Welcome to the LEDs Magazine weekly newsletter for Dec. 5, 2018. Wow, it's hard to believe December has arrived. Indeed, 2018 has passed quickly in the solid-state lighting (SSL) world.
We aren't far from gathering in Las Vegas for Strategies in Light 2019. The Feb. 27-Mar. 1 event will mark the 20th anniversary of the conference that traces it roots to a one-day, one-track conference in a San Francisco airport area hotel. The upcoming event at the Mandalay Bay Convention Center carries the theme "Advancing the future of light" and the program certainly promises to deliver on that theme. For example, the track "Moving the lighting market forward: Where we are; Where we're going" will focus on important emerging applications, including human-centric lighting, horticultural lighting, and connected lighting.
Despite the turn of the calendar to December, and the approaching holiday season, there is business news breaking in SSL and LEDs. MLS, which just recently appointed a new CEO at LEDvance, has made the decision to merge its Forest Lighting business into LEDvance.
In that same story, we covered some ongoing intellectual property (IP) activity. Seoul Semiconductor has extended its patent infringement claim against retailer Fry's Electronics after initially filing the action back in August. The target is TVs that integrate LEDs and other technology that Seoul says infringe 19 patents. In the general lighting sector, meanwhile, Eaton has settled an IP skirmish with Cordelia Lighting and Jimway.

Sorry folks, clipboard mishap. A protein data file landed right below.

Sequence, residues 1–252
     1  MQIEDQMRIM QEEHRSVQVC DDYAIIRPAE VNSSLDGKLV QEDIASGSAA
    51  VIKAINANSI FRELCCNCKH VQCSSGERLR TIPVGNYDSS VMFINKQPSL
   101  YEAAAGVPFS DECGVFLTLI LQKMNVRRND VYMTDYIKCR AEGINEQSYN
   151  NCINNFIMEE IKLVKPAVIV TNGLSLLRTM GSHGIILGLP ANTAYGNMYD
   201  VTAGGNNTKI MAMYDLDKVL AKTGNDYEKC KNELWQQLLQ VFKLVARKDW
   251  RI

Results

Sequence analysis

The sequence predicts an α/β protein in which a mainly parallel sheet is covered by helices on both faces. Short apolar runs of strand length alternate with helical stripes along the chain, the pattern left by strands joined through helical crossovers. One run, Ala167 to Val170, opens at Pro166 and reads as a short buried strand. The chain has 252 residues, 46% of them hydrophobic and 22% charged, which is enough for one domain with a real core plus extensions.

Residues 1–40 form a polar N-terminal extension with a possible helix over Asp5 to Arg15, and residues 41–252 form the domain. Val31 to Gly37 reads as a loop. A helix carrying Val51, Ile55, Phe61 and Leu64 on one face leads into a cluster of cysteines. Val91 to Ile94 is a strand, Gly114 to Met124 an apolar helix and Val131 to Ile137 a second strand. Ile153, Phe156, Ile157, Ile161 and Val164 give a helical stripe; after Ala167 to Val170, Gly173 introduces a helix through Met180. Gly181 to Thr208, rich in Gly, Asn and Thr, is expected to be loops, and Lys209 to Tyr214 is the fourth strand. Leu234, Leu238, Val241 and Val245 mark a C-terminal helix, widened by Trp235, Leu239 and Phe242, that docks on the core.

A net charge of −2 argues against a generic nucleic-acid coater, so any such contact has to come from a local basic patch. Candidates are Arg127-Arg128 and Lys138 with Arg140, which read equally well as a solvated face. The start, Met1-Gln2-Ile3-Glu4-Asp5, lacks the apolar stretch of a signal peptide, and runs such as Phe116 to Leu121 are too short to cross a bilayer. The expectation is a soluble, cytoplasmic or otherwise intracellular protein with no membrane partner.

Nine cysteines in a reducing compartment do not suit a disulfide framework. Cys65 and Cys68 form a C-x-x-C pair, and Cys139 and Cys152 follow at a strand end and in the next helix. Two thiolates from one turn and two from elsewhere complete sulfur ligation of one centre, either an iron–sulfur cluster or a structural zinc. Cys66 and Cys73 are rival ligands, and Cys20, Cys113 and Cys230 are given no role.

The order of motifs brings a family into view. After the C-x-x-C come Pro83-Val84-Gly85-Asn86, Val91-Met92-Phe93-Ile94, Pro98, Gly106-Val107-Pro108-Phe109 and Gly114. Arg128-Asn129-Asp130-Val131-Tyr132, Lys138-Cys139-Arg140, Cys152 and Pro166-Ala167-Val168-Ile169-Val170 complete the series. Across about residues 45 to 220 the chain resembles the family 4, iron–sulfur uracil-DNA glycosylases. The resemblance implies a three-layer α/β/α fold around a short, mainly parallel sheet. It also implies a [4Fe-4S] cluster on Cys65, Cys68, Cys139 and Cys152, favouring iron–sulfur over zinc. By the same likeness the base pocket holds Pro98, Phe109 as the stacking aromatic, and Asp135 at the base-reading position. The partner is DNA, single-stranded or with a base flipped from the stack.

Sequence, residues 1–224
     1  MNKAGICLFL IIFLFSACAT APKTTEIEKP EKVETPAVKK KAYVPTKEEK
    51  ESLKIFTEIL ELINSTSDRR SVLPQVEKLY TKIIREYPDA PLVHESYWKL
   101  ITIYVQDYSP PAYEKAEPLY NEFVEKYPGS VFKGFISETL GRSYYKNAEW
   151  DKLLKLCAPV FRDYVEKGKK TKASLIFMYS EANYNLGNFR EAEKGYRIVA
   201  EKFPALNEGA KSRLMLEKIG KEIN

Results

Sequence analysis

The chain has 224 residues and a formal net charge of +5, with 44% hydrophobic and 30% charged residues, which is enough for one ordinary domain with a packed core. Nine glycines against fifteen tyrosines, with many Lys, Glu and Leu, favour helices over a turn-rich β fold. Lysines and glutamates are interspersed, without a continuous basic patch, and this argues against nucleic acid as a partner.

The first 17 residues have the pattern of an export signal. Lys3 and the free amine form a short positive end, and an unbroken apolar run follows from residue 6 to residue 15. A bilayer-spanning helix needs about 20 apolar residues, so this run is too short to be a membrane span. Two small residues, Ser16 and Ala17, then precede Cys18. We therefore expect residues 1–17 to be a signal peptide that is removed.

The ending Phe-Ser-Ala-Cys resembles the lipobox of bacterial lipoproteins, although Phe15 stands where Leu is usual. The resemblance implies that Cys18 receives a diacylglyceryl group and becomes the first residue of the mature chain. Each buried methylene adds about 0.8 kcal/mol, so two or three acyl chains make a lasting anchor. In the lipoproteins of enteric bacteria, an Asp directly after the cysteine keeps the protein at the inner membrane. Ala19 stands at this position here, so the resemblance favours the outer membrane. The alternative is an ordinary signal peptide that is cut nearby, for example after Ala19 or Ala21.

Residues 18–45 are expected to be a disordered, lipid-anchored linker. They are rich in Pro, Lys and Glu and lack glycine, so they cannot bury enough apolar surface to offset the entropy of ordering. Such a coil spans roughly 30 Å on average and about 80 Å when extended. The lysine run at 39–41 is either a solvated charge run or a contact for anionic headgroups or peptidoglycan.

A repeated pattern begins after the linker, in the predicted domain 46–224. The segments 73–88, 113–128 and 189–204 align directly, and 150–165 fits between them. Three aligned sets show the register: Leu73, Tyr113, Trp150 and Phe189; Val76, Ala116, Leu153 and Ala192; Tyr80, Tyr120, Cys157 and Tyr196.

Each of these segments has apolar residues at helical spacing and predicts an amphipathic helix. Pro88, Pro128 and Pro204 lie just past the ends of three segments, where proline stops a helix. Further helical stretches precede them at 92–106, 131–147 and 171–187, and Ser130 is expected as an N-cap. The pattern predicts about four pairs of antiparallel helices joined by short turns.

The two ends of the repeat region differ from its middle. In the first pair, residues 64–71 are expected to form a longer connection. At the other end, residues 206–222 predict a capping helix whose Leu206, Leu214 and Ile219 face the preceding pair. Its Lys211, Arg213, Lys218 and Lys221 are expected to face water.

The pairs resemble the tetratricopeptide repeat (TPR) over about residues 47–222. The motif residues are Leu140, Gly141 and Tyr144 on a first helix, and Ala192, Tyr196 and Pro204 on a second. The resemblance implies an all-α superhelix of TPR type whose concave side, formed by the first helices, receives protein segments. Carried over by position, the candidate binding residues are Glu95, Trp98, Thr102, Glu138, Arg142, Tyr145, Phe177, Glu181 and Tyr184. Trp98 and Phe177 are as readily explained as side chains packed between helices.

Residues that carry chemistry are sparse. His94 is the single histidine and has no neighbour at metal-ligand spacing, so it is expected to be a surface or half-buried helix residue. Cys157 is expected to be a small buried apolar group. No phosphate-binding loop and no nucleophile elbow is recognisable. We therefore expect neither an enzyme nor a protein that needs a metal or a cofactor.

We also have posted a story about former LEDvance parent Osram. We have written a number of stories about that company's strategic move toward the Internet of Things (IoT) and a transition from one of the big three in lighting to a company that enables other lighting manufacturers to deliver connected systems. Indeed, the company has indicated it will exit the luminaires business after having shed the LEDvance lamps operation. Now there are rumors that a suitor such as Bain Capital might take Osram private.
Moving to the SSL technology space, there has been a potential breakthrough to address the cost of OLED technology. The cost relative to LEDs, as well as trailing performance and longevity, have largely left the pleasing OLED uniformity on the sidelines in general lighting. It's been long believed that the ultimate way to reduce cost was via a transition to roll-to-roll manufacturing. Holland's Holst Centre and Germany's Fraunhofer FEP have demonstrated such a pilot production line.
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